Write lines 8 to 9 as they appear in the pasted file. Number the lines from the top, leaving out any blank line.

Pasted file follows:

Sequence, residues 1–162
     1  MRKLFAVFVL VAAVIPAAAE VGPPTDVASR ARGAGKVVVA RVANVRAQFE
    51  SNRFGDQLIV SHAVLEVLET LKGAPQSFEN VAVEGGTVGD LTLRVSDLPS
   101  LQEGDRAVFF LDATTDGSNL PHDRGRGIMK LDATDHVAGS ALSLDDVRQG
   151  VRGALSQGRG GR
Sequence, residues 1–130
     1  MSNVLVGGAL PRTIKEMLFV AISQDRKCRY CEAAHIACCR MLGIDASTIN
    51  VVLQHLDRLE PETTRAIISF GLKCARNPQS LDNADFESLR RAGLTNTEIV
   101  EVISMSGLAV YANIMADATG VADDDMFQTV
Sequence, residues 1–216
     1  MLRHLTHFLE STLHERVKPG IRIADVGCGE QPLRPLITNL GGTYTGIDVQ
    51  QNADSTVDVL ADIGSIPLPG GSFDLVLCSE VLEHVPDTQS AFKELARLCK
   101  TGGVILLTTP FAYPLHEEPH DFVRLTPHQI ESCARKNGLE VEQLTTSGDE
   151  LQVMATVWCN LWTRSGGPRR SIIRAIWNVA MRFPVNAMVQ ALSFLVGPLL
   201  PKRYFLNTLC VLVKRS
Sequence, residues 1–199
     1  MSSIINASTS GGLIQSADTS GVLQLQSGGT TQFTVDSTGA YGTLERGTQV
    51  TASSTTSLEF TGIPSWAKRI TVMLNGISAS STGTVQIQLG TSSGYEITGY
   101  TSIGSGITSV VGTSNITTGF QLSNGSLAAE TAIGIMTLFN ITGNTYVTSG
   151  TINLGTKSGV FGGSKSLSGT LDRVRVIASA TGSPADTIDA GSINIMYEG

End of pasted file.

    51  VVLQHLDRLE PETTRAIISF GLKCARNPQS LDNADFESLR RAGLTNTEIV
   101  EVISMSGLAV YANIMADATG VADDDMFQTV